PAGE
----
Trial for Captain of the Conception Begins, Without Manslaughter Charge
Four years after a deadly fire claimed 34 lives aboard the dive boat Conception off the coast of California, the criminal trial for the vessel's captain has finally begun.
Jury selection began Tuesday and Wednesday for the trial of skipper Jerry Boylan, who was responsible for Conception's passengers and crew on the boat's ill-fated final voyage. According to the NTSB, Boylan's failure to post an overnight roving watchman was a key element in the tragedy: the crew only discovered the fire after it had grown substantially, reducing the odds of saving the vessel and its passengers.
Boylan and the crewmembers sleeping abovedecks abandoned ship and survived the casualty. All 34 people in the belowdecks berthing area died of smoke inhalation.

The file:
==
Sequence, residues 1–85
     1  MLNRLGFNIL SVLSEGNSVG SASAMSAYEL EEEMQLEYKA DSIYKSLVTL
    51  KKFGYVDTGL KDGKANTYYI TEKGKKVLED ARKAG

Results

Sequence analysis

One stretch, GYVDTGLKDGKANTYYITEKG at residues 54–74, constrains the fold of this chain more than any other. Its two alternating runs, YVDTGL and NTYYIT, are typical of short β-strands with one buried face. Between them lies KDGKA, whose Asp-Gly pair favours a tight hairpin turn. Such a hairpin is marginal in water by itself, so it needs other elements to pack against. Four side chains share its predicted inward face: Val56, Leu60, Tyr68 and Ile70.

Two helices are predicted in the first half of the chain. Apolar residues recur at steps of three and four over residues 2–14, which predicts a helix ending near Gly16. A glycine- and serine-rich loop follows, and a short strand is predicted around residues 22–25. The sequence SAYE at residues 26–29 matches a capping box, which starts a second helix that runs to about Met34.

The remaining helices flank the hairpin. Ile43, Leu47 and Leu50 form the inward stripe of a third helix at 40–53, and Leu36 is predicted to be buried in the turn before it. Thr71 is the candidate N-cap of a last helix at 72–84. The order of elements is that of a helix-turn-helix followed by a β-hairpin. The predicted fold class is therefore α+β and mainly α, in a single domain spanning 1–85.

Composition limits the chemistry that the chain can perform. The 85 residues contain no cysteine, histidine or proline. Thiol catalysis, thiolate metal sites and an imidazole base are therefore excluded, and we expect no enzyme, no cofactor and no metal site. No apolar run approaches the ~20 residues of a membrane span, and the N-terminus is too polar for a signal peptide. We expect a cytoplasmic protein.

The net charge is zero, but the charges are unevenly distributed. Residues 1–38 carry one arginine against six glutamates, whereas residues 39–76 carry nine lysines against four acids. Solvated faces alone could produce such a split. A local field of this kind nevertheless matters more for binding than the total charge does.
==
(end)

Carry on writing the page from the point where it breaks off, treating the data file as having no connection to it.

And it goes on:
The indictment alleges that Boylan was first to abandon ship, accusing him of "failure to perform any lifesaving or firefighting activities whatsoever at the time of the fire, even though he was uninjured." Boylan denies the charges and has pleaded not guilty.
Federal prosecutors have taken a long time arriving at the start of the criminal trial. They first brought 34 charges of seaman's manslaughter against Boylan in 2020, then reduced this to a single charge after a challenge by his legal team. In 2022, a federal judge threw out the revised indictment because prosecutors did not include gross negligence, which would be required in order to convict the captain of seaman's manslaughter. Prosecutors then refiled a new case charging him with one count of misconduct or neglect of a ship's officer, which carries a maximum penalty of 10 years in prison.
During the investigation, the Bureau of Alcohol, Tobacco and Firearms (ATF) fire forensics division recreated the conditions aboard Conception with a detailed physical mockup. They concluded that the fire likely started in a plastic trash can located under a wooden ladder on the main deck.
The deadly fire prompted a wave of regulatory action to improve passenger vessel safety, and the National Transportation Safety Bureau continues to urge further requirements - particularly a mandatory SMS standard.